There are also more than a few big-impact anime that I just haven’t got around to reviewing yet, such as Astro Boy, Neon Genesis, Cowboy Bebop, FMA, GITS etc and I’m super-keen to write them but I’m mostly paralysed by the question what could I hope to add to the discourse? They’re so massive and so storied that it’s hard to bring much new to the conversation.

  • 2. Post Break-Up Albums

That heading is a little misleading, I realise.

What I mean is, as part of expanding my musical focus here, I was thinking of making a themed-post where I occasionally look at some albums that were released after the break-up of a big band/after an artist moves on or changes direction.

For instance, The Plastic Ono Band or Curtis for instance. Maybe even Pictures at Eleven, which was Robert Plant’s first solo album. But I don’t want it to be so narrow as when one person leaves a group, for instance there’s Black Sabbath’s Heaven and Hell, which is what the band did after their singer left, instead of the other way around.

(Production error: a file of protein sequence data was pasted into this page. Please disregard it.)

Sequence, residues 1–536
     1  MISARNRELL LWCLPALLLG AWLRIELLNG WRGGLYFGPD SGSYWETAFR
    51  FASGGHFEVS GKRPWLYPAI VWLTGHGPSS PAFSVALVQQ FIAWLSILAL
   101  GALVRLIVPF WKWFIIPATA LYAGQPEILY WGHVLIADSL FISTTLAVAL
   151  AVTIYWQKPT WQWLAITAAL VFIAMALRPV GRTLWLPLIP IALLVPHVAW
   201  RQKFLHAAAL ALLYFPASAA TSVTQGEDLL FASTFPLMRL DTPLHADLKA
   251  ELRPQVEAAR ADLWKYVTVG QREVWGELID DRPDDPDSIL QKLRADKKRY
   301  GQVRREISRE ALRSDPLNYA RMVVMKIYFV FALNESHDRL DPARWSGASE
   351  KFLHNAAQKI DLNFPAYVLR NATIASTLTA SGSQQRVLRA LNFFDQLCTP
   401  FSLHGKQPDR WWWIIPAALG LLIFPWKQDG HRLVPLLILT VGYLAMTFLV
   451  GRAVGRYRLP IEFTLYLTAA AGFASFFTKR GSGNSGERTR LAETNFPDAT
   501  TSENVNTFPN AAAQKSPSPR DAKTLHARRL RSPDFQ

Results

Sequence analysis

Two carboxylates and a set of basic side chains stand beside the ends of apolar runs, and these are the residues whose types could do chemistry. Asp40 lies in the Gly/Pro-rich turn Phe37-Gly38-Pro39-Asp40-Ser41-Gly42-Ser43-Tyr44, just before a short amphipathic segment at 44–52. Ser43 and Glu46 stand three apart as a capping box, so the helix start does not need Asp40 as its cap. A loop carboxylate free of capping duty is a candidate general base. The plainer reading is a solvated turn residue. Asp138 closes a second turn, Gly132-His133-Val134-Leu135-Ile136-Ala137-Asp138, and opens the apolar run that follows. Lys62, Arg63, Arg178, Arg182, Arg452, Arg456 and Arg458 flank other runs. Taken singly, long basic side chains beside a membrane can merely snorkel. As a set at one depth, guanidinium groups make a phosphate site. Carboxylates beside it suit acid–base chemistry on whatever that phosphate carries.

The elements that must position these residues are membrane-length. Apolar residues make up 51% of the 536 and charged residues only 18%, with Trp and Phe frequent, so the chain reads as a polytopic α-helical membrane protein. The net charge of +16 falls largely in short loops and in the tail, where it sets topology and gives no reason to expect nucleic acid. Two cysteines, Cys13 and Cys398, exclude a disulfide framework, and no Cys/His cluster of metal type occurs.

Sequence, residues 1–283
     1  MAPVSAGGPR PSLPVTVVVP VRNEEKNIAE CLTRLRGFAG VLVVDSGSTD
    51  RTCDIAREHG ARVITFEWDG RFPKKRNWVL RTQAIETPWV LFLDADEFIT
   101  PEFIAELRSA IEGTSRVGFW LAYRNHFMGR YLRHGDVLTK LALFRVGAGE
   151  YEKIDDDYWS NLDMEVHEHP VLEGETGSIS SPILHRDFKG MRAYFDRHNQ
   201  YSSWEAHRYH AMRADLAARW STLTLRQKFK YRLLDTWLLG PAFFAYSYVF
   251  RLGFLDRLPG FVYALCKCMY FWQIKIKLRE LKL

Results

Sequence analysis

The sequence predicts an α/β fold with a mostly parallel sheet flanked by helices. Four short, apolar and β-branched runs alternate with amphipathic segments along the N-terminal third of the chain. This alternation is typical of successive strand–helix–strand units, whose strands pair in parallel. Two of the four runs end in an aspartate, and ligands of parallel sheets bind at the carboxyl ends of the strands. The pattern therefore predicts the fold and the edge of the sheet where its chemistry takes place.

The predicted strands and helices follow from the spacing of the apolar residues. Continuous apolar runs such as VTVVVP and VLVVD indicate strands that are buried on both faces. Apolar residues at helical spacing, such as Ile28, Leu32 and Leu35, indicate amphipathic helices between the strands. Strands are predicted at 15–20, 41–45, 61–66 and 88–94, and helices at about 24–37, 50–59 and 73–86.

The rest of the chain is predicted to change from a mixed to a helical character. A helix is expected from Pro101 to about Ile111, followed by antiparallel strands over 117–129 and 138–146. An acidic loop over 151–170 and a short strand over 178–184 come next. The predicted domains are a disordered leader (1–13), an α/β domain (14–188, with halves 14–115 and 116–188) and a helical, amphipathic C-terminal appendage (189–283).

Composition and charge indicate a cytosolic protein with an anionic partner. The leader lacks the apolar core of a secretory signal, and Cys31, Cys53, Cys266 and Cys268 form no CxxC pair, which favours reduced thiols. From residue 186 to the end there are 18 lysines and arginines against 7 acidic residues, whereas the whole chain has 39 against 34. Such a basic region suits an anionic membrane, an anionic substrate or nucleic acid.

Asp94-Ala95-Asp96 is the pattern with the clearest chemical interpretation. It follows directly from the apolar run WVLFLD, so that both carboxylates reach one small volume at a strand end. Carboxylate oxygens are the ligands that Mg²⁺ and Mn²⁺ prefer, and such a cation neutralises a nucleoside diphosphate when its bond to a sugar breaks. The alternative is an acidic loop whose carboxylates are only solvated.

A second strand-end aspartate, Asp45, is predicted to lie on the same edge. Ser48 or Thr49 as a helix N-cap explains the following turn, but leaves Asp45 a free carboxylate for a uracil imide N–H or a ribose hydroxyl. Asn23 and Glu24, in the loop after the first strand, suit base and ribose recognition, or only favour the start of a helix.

Ideally, I’d have something a bit like this on anime or perhaps directors or studio shifts perhaps.

  • 3. Discussion Posts

I’ve only written one of these I think, and it was to explore the idea of what is a classic – and it was long and rambling post, even for me, but it was really helpful in letting me figure out what sort of metrics I should use to judge a text. So maybe if I try more discussion based things I could make them a little more topical, not sure.

  • 4. Collaboration Posts

This is something I’m super-excited about 🙂

Once the endless threat of bushfires in my area eases for a while, I’d like to announce my first collaboration at The Review Heap, focusing on the film Tokyo Godfathers. Collaboration is something I used to do a lot back in the poetry world, so I know I’ll enjoy the process here just as much. I’ve also been thinking about other ideas and hope to approach a few folks/am open to ideas from anyone during the year.